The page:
A Hillary Clinton bobblehead, dressed in prison garb, sits on a shelf in a Kahr meeting room, next to a bobblehead of the man to whom she lost.
Moon, a married father of seven, came to the United States from South Korea when he was 3, and although he embraces his heritage, the American dream is dearer to him.
“America is the greatest and the freest nation on Earth, and I hope it stays that way because I want my kids to grow up in a free nation with opportunity,” he said. “Koreans do well in America because they work hard and take advantage of opportunities. They don’t go on welfare.”
Moon’s hatred of communism and socialism has direct roots in North Korea, where his father was imprisoned in a labor camp for five years, accused of being a spy for the South Korean government.
“Socialism is basically making the whole country a prison,” he said. “In a prison, everyone is equal. They get the same cell, same food; they get the same health care, and only the government employees have guns.”
Sun Myung Moon later became a self-professed messiah and started the Unification Church in 1954. Though it has been called a cult by its detractors, it considers Sean Moon’s church a “breakaway group,” and Unification Church officials said last month that firearms play no part in its doctrine.
While in Miami’s MBA program, Justin Moon drew up plans for a small, powerful pistol that became the Kahr K9. The prototype was an instant hit, Moon said, and he started producing the guns in 1995. According to a 2011 New York Daily News article, Kahr sold 5,000 K9s to the New York Police Department for off-duty use, though it later ordered its officers to stop carrying the gun because the trigger was too light.
Pennsylvania is home to dozens of gun manufacturers, some of which make just a handful of guns, according to Bureau of Alcohol, Tobacco, Firearms and Explosives statistics. One Northumberland County manufacturer specializing in smaller rifles made for younger shooters sold just over 49,000 firearms in 2016. Moon has purchased several other manufacturers over the years, combining many of them into the parent company Saeilo Inc. ATF statistics show Saeilo produced 40,274 pistols and 9,086 rifles in 2016. Those guns were made in Minnesota and Massachusetts, but production of AR-15s will soon ramp up in Greeley.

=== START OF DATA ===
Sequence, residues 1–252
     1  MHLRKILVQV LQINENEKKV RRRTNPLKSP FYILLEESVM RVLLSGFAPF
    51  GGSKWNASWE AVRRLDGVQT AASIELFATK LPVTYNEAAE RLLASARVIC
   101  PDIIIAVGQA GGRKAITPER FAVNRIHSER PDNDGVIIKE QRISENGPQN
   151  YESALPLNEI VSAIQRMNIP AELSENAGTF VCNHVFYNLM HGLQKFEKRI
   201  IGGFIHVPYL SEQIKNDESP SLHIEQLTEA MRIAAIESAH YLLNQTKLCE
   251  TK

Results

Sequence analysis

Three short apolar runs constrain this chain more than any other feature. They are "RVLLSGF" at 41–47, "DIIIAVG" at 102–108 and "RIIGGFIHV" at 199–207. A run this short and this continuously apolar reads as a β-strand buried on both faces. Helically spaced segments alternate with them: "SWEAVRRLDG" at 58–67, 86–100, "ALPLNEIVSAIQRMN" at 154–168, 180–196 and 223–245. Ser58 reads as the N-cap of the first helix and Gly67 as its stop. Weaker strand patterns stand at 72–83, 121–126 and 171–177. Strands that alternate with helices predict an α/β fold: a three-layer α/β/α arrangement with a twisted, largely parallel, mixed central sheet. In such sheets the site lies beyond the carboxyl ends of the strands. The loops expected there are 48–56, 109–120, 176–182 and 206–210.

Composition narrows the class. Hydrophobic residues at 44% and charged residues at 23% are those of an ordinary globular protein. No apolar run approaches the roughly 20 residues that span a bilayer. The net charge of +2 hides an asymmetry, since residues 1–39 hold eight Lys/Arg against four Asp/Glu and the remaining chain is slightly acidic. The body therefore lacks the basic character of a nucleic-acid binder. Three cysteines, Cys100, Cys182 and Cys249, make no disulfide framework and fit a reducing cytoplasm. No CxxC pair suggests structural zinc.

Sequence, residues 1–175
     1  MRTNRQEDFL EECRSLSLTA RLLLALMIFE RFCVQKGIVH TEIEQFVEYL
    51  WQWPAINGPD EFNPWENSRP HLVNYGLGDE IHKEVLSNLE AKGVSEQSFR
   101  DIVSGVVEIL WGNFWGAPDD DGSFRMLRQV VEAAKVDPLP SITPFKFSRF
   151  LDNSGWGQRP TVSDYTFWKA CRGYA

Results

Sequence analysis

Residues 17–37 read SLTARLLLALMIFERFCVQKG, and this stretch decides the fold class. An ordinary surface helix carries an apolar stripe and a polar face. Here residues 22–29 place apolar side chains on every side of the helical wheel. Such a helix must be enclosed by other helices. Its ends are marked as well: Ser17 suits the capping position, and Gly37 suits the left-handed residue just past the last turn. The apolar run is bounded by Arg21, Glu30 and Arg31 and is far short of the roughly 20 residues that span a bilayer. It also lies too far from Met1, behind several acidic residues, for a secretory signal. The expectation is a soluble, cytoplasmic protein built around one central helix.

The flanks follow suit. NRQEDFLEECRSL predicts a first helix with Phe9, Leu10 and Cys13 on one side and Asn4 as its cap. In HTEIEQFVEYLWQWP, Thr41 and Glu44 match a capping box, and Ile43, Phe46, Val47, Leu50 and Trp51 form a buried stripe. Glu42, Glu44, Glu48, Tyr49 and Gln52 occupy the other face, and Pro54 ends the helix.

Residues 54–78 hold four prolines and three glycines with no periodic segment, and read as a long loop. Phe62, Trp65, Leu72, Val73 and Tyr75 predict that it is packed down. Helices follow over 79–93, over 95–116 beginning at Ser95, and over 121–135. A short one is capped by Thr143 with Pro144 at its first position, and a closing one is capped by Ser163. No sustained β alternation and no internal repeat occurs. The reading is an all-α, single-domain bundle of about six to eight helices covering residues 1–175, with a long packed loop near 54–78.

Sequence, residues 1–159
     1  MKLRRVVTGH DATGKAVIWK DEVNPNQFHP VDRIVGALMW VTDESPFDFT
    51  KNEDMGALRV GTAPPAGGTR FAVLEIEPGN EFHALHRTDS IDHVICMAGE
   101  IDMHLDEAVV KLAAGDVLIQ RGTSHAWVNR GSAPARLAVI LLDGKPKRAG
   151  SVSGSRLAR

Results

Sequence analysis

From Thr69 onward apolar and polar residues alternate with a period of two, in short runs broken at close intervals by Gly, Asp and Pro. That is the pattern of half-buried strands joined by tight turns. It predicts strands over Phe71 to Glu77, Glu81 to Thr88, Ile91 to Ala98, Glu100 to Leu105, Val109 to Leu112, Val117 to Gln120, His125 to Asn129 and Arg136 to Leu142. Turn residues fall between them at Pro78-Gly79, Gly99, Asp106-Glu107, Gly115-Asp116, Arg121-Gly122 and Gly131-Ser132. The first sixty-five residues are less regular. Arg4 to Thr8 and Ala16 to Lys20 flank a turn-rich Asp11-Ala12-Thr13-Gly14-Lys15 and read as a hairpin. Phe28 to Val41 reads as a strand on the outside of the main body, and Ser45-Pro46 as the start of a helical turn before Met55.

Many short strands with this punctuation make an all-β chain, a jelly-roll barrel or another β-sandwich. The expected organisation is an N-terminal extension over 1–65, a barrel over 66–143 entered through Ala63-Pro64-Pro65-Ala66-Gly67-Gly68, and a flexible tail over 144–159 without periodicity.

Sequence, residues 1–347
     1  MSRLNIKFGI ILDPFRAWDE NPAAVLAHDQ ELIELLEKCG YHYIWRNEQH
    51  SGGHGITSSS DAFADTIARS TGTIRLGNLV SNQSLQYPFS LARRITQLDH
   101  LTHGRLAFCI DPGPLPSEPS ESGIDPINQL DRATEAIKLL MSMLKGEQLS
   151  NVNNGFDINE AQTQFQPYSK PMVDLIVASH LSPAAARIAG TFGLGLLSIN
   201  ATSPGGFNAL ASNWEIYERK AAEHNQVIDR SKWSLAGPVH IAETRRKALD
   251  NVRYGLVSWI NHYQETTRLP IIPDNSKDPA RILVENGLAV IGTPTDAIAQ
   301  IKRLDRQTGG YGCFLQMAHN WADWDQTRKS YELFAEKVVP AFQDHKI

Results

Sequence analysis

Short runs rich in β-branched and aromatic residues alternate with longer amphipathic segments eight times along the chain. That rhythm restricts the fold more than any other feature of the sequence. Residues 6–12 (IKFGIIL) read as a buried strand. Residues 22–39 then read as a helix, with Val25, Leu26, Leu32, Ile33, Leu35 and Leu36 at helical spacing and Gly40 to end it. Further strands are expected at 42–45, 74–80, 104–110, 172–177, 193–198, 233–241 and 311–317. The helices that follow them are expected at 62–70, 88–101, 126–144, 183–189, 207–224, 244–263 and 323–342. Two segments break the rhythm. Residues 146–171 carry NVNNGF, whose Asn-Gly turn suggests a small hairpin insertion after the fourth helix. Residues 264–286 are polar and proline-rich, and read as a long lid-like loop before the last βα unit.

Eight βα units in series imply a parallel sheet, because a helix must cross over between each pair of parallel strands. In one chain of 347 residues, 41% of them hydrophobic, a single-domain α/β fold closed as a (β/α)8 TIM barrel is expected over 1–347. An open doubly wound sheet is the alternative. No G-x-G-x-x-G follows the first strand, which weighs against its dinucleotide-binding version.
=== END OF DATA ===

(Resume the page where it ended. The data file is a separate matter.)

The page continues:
“They sell a lot, and they manufacture a lot,” said Edwin Gragert, a member of the Delaware Valley Democratic Club, which protested the Sanctuary Church’s weeklong festival last month.
Gragert lives in Milford, 14 miles from the Tommy Gun Warehouse, and he happens to have a master’s degree and Ph.D. in Korean and Japanese history. He knows the Moons well. He said he believes Sean Moon’s doctrine is dangerous and frets that his brother will be manufacturing AR-15s here in the Poconos.
“This glorification of assault rifles has no place here,” Gragert said. “These weapons are designed to shoot people.”
After Moon returned to his office, two women shuffled past rows of handguns in glass cases in the Tommy Gun Warehouse, stopping to grip models an employee recommended for personal protection. The women were surprised at how light some were and described one as “sexy.” They lived together in the Poconos, and in the wake of a recent nor’easter and subsequent power outages, they were troubled by reports of break-ins. One of the large TVs on a store wall was set to Infowars, a right-wing media outlet that peddles conspiracy theories.
“We live alone in the woods,” Evie Ascencio, 62, said. “There’s no one around, and it would take police 30 minutes to respond to something.”
Outside, Justin Moon’s modified Jeep sat in the snow flurries, complete with a rooftop tent, propane tank, and a spine board, capable of barreling through any zombie apocalypse, or whatever else he thinks is coming.
Sean Moon has a Jeep just like it.